Why Are So Many Seattle Restaurants Closing Lately?


#1

Seattle eateries closing as $15 minimum wage approaches

Seattle’s $15 minimum wage law goes into effect on April 1, 2015. As that date approaches, restaurants across the city are making the financial decision to close shop. The Washington Policy Center writes that “closings have occurred across the city, from Grub in the upscale Queen Anne Hill neighborhood, to Little Uncle in gritty Pioneer Square, to the Boat Street Cafe on Western Avenue near the waterfront.”
Of course, restaurants close for a variety of reasons. But, according to Seattle Magazine, the “impending minimum wage hike to $15 per hour” is playing a “major factor.” That’s not surprising, considering “about 36% of restaurant earnings go to paying labor costs.” …,
“Washington Restaurant Association’s Anthony Anton puts it this way: “It’s not a political problem; it’s a math problem.”

Seattle eateries closing as $15 minimum wage approaches « Hot Air

There are consequences to ill thought out laws. This should make obama and pelosi happy the more people on unemployment and welfare the better.


#2

From the article: (emphasis, mine)

In reference to that last quote, it’s certainly a math problem for the restaurant owners, but that doesn’t eliminate the fact that it’s a political problem for the social justice warriors who shoved this initiative through.

Bingo!

Plus, deserves repeating:

What’s $15 times zero again?

And then there’s the fact that the bigger chains can afford to go automated with “smart tablets” in place of wait staff, but as Jazz Shaw (author of article) put it:

Not very personal, but it gets the job done.
Of course, that last phrase is the big issue here, isn’t it? It gets the job done. That job used to be done by a person. Now it’s essentially a robot.

I can hear the Liberals screaming already about the GREEDY big corporations not caring about "the little guy."
Of course it never occurs to them that they’re the ones who put the little guy out of work in the first place.

I don’t feel the least sorry for the fools who voted this in. I do worry, however, that they’re going to have to go somewhere…


#3

Only thieves and fools attack the poor by supporting minimum wage increases, thieves and fools also tend to be too lazy to move for economic reasons so they will just “retire” (Welfare) where they are.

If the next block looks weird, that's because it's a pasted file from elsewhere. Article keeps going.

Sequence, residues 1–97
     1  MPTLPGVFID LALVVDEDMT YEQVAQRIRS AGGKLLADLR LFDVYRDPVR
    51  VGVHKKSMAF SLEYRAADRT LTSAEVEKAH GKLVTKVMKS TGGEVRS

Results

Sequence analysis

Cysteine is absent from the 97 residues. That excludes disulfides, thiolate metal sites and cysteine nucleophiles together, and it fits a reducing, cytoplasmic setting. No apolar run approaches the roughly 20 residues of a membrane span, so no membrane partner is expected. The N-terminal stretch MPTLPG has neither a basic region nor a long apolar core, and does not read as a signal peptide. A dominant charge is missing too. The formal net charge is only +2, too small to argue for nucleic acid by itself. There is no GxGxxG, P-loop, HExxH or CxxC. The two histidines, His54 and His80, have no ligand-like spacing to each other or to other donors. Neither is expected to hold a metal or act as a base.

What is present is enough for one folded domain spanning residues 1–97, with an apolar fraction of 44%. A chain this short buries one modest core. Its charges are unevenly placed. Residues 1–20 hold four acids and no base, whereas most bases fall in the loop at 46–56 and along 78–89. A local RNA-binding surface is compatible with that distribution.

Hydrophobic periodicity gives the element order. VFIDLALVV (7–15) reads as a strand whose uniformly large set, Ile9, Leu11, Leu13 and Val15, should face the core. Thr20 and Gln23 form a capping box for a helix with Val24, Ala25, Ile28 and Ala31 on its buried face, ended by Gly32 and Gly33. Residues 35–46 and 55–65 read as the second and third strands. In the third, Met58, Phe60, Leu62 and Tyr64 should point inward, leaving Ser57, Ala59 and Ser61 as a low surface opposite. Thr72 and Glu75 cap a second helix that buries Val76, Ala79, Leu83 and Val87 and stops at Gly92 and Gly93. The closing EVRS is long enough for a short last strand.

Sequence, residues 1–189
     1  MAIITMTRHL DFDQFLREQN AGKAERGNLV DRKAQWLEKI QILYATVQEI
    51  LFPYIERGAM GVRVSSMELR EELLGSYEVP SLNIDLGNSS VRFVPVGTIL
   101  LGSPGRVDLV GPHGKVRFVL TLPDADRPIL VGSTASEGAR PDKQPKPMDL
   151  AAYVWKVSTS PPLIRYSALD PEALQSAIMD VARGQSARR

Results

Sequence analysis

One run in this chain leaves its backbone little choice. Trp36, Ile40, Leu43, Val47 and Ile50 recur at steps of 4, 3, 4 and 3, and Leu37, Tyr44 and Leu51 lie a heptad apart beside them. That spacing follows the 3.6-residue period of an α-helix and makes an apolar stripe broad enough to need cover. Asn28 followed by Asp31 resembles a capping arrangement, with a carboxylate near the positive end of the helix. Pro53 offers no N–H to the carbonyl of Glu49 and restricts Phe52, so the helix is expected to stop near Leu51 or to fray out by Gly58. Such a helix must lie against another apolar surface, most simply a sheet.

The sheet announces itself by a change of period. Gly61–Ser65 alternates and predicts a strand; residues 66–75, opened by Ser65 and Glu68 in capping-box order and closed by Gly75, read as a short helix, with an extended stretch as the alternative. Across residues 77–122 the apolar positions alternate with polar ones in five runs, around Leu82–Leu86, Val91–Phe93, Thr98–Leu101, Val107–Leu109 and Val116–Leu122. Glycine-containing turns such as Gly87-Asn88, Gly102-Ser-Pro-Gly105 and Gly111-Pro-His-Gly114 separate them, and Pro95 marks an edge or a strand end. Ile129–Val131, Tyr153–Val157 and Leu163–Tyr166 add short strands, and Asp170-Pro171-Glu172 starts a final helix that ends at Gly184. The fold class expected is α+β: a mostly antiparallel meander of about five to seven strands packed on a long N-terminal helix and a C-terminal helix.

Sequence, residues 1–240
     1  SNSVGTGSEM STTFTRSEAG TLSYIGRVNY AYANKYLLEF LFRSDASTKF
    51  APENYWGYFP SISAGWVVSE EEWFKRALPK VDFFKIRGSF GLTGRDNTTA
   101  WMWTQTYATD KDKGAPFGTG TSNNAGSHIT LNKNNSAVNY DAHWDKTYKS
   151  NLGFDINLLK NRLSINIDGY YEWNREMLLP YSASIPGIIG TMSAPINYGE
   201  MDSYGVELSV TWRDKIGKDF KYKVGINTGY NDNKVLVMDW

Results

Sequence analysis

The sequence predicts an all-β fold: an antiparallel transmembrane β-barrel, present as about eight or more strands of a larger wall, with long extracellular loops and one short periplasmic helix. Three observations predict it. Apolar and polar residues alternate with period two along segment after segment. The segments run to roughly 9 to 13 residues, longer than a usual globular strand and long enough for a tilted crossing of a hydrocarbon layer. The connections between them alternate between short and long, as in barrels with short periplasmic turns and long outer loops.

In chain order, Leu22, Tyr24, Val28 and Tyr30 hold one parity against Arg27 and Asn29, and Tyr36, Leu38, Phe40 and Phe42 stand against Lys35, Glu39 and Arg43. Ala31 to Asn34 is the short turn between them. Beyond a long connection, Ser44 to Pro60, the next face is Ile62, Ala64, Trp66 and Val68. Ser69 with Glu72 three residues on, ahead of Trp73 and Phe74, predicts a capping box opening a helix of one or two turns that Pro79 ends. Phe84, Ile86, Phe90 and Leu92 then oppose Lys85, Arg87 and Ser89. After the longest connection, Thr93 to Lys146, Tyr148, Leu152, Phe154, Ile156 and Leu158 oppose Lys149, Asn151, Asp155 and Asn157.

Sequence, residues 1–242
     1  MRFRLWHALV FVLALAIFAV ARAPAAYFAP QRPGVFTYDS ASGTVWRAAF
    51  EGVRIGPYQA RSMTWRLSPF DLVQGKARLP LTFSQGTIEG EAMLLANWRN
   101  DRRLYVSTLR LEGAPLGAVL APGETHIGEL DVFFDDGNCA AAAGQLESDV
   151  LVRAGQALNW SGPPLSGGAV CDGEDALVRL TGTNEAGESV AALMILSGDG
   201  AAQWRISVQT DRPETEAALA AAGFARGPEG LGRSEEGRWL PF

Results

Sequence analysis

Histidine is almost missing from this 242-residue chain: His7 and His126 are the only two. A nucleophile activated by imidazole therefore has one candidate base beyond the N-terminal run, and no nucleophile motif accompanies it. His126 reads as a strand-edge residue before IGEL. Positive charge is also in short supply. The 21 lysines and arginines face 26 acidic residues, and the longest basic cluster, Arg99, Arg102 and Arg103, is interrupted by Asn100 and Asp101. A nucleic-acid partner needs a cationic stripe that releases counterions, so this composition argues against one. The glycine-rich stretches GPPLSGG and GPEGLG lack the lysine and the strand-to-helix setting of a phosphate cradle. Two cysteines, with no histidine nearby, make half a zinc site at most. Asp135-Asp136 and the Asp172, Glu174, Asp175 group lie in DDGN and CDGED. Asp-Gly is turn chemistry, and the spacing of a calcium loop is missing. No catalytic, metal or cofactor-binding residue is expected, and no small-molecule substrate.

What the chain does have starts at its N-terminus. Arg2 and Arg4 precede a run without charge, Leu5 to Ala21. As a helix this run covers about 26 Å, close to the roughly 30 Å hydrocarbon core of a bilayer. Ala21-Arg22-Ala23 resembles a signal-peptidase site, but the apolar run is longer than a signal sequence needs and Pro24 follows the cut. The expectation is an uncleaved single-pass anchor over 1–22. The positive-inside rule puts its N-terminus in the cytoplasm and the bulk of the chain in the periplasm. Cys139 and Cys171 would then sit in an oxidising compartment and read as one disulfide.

That is the California dream, now the whole west coast I guess.


#4

Sadly. But considering my options, I guess I prefer to pay for it from a distance.


#5

Seems to me Seattle must have an awful lot of cheap residents if restaurants are closing because of this raise in the minimum wage. The median wage for college educated people in Seattle is $72,000 annually. That means that 50% of the population in the city make $72,000 and above annually. While not princely, that’s a damn good median wage level and should easily support a wide variety of restaurants and bars. Seattle is a fairly young, single, tech oriented city with a lot of people who don’t cook at home. If such a population can’t keep service industries in business, it has to be because the residents are cheap bastards who don’t want to pay a decent price for a meal. Seattle should be embarrassed if this is truly happening as a result of a minimum wage increase of this level. The truth of the matter here is that the OP is rightwing propoganda that cherry picked the closing of a few restaurants in an industry with a high riate of turnover.


#6

More class envy. Rich people not giving up their hard earned money to eat over-priced meals now somehow equates to them being stingy, rather than unwise.

Perfect.


#7

It’s not cheap to go out to eat on the west coast now as it is. This is sure to kill a lot of restaurants that already struggle.


#8

Seattle is one of the most rapidly growing cities in the nation and a fast growing city doesn’t turn into Detroit because of a phased in minimum wage boost. And it’s nothing to do with class envy. I earn more than the median wage earners in Seattle, but I’m not a cheap bastard. When I go out, I’m prepared to spend. I’m happy to contribute to the services industry.


#9

Exactly, “it seems to you”.

To those who understand economics and the connected nature of the entire economy this is no surprise and was in fact prophesied.

Market Forces, whether created by legislative action or naturally through the supply and demand realities all have an effect on every aspect of the economic puzzle.

When the minimum wage that must be paid exceeds the value of the job that needs to be done the job disappears via reorganization, inspired technological advancement or by just not being done. Those entities that can adjust will do so and those that cannot will cease to exist but the poor will suffer the most from fewer entry level job opportunities being available to get a start.

In spite of what it “seems like to you” this is not an unknowable or overly complex dynamic to understand.


#10

I watch those reality shows for reorganizing restaurants in trouble. To run it efficiently, control costs and still have prices that will compete, the retail cost of an item goes something like this; one third for labor, a third for food and a third for rent, utilities, insurances, equipment and profit.